In comparison with the other subspecies, the diet of H. g. griseus is the best known and includes a diverse array of plants. In Analamazoatra Special Reserve (ASR), Wright (1986) reported that bamboo (Bambusa sp.) constitutes 90% of the animals' diet during the austral winter months. Like Pollock (1986), Wright also found H. g. griseus eating leafy parts of other plants and some fruit. Long-term studies conducted in RNP confirmed that bamboo is the mainstay of H. g. griseus (Grassi, 2001; Overdorff et al., 1997; Tan, 1999, 2000). In particular, at Talatakely, approximately 80% of the lemur's annual diet is comprised of bamboo (Cathariostachys madagascariensis, Cephalostachyum cf. perrieri, Cephalostachyum sp., Nastus elongatus, and Nastus sp.); parts ingested include the base of young leaves, immature pseudopetioles, branch shoots (i.e., emerged from the nodes), and ground shoots. The animals also consume a variety of nonbamboo foliage, fruit, and flowers (Tan, 1999, 2000). In fact, ongoing research (1996-2006) at Talatakely shows that the total number of food plants has exceeded 40 species for H. g. griseus (C. Tan, unpublished data).
By contrast, H. g. alaotrensis is strictly folivorous, relying solely on leaves and grasses around Lac Alaotra marshes. In a 15-month study, Mutschler (1999a,b) documented the animals eating 11 plant species; of these, 4 represented >95% of the total feeding records. Pith of papyrus stems ( Cyperus madagascariensis) as well as reed shoots (Phragmites communis), southern cut grass (Leersia hexandra), and millet (Echinochloa crusgalli) make up the principal diet (Mutschler, 1999a,b; Petter et al., 1977; Pollock, 1986).
Little is known about the feeding habits of the other subspecies of H. griseus. Petter et al. (1977) reported H. g. occidentalis eating fruits of Madagascar plum (Flacourtia ramontchi) and wild dates in Forêt de Tsimembo. Additionally, in
Bemaraha and Sambirano, the animals were observed feeding on items such as liana flowers and pseudopetioles of a woody bamboo (Mutschler and Tan, 2003). There is no published dietary information on H. g. meridionalis to date.
The diet of H.. aureus is known only from Talatakely, RNP. Nearly 90% of the animals' diet is comprised of bamboo, primarily the giant bamboo (Cathariostachys madagascariensis) (Tan, 1999, 2000). Whereas young leaf bases and young pseudopetioles of bamboo are consumed throughout the year, branch shoots and ground shoots are seasonal food items. H. aureus also supplements its diet with leaves, stems, fruit, and flowers of other plants and mushrooms. There is extensive dietary overlap between H. aureus and H. g. griseus; however, the food diversity of H. aureus is relatively lower.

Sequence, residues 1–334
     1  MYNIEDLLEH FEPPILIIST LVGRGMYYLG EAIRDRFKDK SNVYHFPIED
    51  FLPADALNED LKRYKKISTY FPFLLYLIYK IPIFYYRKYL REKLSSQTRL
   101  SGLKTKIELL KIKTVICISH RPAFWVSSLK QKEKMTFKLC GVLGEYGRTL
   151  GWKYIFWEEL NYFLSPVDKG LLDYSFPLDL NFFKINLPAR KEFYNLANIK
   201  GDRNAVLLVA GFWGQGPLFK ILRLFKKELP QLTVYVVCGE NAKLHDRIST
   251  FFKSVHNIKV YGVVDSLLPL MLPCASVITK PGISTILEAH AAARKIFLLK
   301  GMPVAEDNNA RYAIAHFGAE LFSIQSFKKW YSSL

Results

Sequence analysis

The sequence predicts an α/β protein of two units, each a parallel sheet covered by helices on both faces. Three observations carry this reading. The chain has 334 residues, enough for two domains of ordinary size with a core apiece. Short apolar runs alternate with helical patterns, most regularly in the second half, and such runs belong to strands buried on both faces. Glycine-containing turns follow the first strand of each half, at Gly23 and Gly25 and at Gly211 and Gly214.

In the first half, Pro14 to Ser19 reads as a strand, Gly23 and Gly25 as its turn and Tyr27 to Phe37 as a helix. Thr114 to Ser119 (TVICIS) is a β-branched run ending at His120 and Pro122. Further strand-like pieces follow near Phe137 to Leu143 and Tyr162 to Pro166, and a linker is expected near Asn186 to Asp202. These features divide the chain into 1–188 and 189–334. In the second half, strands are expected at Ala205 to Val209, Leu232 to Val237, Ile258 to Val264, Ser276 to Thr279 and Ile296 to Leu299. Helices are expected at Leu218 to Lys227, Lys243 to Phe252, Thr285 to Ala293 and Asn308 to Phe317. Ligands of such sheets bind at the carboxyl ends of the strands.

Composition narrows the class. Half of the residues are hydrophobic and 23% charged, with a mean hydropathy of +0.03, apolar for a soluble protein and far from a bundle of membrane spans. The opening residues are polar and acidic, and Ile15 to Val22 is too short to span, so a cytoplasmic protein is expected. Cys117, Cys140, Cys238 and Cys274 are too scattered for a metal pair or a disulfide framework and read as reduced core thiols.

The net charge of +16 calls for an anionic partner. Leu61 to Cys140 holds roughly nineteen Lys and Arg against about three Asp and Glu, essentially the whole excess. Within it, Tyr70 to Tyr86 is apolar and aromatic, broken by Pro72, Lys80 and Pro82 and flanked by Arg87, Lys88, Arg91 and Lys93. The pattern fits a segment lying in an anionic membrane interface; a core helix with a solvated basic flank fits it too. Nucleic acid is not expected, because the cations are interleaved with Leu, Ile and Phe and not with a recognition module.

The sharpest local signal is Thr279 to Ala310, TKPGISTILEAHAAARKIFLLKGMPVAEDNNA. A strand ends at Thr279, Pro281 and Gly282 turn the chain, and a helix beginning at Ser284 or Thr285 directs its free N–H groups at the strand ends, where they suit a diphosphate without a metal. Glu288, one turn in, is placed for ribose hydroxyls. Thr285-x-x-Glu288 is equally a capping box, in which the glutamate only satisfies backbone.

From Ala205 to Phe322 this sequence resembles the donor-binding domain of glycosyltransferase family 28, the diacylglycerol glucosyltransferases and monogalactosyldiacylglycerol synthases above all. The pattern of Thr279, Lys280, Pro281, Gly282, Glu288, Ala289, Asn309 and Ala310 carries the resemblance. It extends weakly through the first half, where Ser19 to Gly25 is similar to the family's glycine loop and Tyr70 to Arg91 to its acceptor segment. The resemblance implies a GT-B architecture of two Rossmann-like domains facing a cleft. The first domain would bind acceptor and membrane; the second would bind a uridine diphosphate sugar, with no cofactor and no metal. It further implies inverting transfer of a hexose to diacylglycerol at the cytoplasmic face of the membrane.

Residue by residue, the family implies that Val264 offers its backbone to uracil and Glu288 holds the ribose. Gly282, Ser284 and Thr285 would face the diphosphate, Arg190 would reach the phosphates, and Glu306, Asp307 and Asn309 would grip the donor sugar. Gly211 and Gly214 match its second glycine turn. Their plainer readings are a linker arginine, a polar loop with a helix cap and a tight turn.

Bamboo culm pith and shoots represent the main components of the diet of H. simus (Petter et al., 1977; Tan, 1999, 2000; Wright and Randriamanantena, 1989). At Talatakely, RNP, H. simus specializes on the giant bamboo, which accounts for 95% of the annual diet (Tan, 1999, 2000). Unlike H. aureus and H. g. griseus that feed on only the tender sections of bamboo leaves (i.e., base of young leaves and immature pseudopetioles), H. simus consumes all parts of leaves, including mature leaf blades. Furthermore, H. simus differs from the two sym-patric congeners in having a strikingly seasonal diet—shifting from eating mainly ground shoots in the warm-wet season to culm pith in the cold-dry season (Tan, 1999, 2000). In highly disturbed forests, H. simus has been observed to survive on various plant materials. For example, in Kianjavato, animals were seen raiding rice crops and feeding on shoots of a woody bamboo (Valiha diffusa), young leaf bases of a viny bamboo, flowers of traveler's palm (Ravenala madagascariensis), jackfruit (Artocarpus integrifolius), mango (Mangifera indica), figs (Ficussp.), palm (Dypsis sp.), and leaves of African ginger (Aframomum sp.) and kikuyugrass (Pennisetum clandestinum) (Meier and Rumpler, 1987; C. Tan, unpublished data).
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